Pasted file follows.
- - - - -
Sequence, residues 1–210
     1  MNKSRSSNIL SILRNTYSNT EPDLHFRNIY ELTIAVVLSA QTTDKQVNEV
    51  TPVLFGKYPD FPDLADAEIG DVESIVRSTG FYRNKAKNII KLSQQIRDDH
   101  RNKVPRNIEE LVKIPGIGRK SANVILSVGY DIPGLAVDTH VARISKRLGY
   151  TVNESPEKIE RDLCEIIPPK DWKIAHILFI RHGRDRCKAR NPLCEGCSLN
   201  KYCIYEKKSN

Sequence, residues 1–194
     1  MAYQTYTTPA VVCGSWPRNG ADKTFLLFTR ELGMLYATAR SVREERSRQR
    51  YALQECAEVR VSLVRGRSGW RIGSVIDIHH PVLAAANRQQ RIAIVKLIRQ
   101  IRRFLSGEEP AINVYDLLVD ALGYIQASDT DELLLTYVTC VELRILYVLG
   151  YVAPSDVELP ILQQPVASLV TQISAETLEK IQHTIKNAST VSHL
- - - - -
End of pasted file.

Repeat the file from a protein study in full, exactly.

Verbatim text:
Sequence, residues 1–210
     1  MNKSRSSNIL SILRNTYSNT EPDLHFRNIY ELTIAVVLSA QTTDKQVNEV
    51  TPVLFGKYPD FPDLADAEIG DVESIVRSTG FYRNKAKNII KLSQQIRDDH
   101  RNKVPRNIEE LVKIPGIGRK SANVILSVGY DIPGLAVDTH VARISKRLGY
   151  TVNESPEKIE RDLCEIIPPK DWKIAHILFI RHGRDRCKAR NPLCEGCSLN
   201  KYCIYEKKSN

Sequence, residues 1–194
     1  MAYQTYTTPA VVCGSWPRNG ADKTFLLFTR ELGMLYATAR SVREERSRQR
    51  YALQECAEVR VSLVRGRSGW RIGSVIDIHH PVLAAANRQQ RIAIVKLIRQ
   101  IRRFLSGEEP AINVYDLLVD ALGYIQASDT DELLLTYVTC VELRILYVLG
   151  YVAPSDVELP ILQQPVASLV TQISAETLEK IQHTIKNAST VSHL